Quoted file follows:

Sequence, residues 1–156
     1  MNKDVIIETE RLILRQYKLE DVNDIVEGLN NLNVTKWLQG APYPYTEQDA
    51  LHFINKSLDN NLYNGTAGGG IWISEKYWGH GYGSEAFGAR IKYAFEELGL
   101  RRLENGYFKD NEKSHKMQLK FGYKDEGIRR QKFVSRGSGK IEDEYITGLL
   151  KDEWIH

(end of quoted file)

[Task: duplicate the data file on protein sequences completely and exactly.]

Sequence, residues 1–156
     1  MNKDVIIETE RLILRQYKLE DVNDIVEGLN NLNVTKWLQG APYPYTEQDA
    51  LHFINKSLDN NLYNGTAGGG IWISEKYWGH GYGSEAFGAR IKYAFEELGL
   101  RRLENGYFKD NEKSHKMQLK FGYKDEGIRR QKFVSRGSGK IEDEYITGLL
   151  KDEWIH